By Lydia Aisenberg
IN the heart of Cardiff sits an impressive castle with enormous grounds, part of the outer walls of which overlooking Victorian, Edwardian and modern day-era indoor shopping arcades.
Of particular interest to Jewish visitors to Cardiff Castle - one of Wales' leading tourist attractions - is a phenomenal roof garden, the walls of which depict colourful scenes from the Old Testament story of Elijah, rows of Hebrew lettering under each scene.
Upon entering the roof garden, the sight is absolutely breathtaking, in more ways than one.
Created in the Bute Tower of the castle in the 1870s, the roof garden consists of a sunken courtyard, in the centre of which sits a rather intricate tiered fountain, encircled by decorative metal plant holders, overlooked by an impressive statue created by Ceccardo Fucigna of Madonna and child.
The courtyard is surrounded by a colonnade bordered by corniced metal pillars - the floors covered entirely in decorative, intricately patterned tiles.
Adorned with panels of beautifully-crafted tiles depicting the story of Elijah, the almost unbelievable artwork creates an almost overwhelming colourful kaleidoscope of long robed men and women, animals, fauna and flora in Biblical times.
The lower section of the walls underneath the main plethora of Biblical scenes contains the more subdued panels of animals and birds.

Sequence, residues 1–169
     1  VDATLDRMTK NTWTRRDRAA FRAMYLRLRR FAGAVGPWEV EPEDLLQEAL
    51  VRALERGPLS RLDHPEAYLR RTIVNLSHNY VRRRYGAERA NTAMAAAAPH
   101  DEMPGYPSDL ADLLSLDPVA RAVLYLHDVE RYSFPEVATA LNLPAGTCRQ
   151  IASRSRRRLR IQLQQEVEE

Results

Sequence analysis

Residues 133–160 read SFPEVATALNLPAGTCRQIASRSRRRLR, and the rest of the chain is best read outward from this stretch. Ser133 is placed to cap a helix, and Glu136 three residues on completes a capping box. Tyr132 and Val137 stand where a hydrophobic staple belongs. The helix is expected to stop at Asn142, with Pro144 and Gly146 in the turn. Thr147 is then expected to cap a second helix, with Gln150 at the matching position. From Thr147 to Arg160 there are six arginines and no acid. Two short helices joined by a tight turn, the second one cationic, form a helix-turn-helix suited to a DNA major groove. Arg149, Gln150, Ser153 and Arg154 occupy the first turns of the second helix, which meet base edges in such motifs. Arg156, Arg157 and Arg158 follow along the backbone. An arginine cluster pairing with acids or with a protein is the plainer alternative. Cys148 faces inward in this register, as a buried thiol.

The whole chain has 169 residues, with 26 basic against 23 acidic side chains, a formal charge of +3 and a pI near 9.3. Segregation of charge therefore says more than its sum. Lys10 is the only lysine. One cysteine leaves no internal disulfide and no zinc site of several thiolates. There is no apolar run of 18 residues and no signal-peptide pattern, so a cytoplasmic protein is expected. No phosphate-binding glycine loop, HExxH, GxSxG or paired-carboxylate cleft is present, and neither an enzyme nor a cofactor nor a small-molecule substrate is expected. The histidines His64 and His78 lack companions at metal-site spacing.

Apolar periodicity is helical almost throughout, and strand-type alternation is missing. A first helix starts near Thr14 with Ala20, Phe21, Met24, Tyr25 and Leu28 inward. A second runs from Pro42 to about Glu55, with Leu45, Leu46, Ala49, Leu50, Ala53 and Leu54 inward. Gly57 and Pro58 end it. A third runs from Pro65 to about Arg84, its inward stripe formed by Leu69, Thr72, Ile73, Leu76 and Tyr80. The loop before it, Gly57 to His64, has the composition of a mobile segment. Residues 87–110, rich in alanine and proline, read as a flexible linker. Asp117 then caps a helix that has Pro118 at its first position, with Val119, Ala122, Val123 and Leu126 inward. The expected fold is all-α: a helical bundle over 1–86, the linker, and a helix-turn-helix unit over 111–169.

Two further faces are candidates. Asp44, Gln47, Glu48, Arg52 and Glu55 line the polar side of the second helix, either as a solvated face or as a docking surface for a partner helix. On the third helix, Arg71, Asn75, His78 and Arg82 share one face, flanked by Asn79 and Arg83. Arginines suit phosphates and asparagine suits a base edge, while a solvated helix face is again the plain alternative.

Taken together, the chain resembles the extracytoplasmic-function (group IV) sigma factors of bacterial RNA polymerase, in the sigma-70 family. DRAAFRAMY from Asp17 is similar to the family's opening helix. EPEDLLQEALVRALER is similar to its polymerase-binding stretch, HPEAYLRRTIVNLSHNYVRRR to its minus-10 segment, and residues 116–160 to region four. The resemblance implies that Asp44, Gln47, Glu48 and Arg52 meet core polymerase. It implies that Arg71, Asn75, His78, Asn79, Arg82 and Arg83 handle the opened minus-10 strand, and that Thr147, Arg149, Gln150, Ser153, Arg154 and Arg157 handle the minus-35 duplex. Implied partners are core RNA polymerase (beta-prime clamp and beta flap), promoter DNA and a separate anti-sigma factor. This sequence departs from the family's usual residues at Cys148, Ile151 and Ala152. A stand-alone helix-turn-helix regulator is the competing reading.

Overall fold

The windows between the tiled panels are covered in green wooden shutters, the black painted large iron hinges of which are also eye-catching, all crafted in a similar way to the medieval hinged shutters of the style to be found in the main castle wall, although those are not painted green.
A guided tour of the castle, bequeathed to the City of Cardiff in 1947, takes one back 2,000 years.
The castle is a true mix of architectural styles, but the 19th century Gothic-Victorian parts of the complex showcases a great deal of ornate Victorian creativity, the subjects of which not only include Biblical characters and scenes, but also signs of the Zodiac, nature in all its glory, Coats of Arms and other motifs of heraldry.
Many a noble family owned and lived in Cardiff Castle, but from 1766 until the 1940s, it passed from generation to generation of the Bute family - the 2nd Marquess being credited with making the Welsh capital one of the world's greatest coal exporting ports.
His son, the 3rd Marquess of Bute, was purported to be one of the richest men in the world in his time and, when the 4th Marquess died, the family decided to gift the enormous castle and parkland to the city of Cardiff.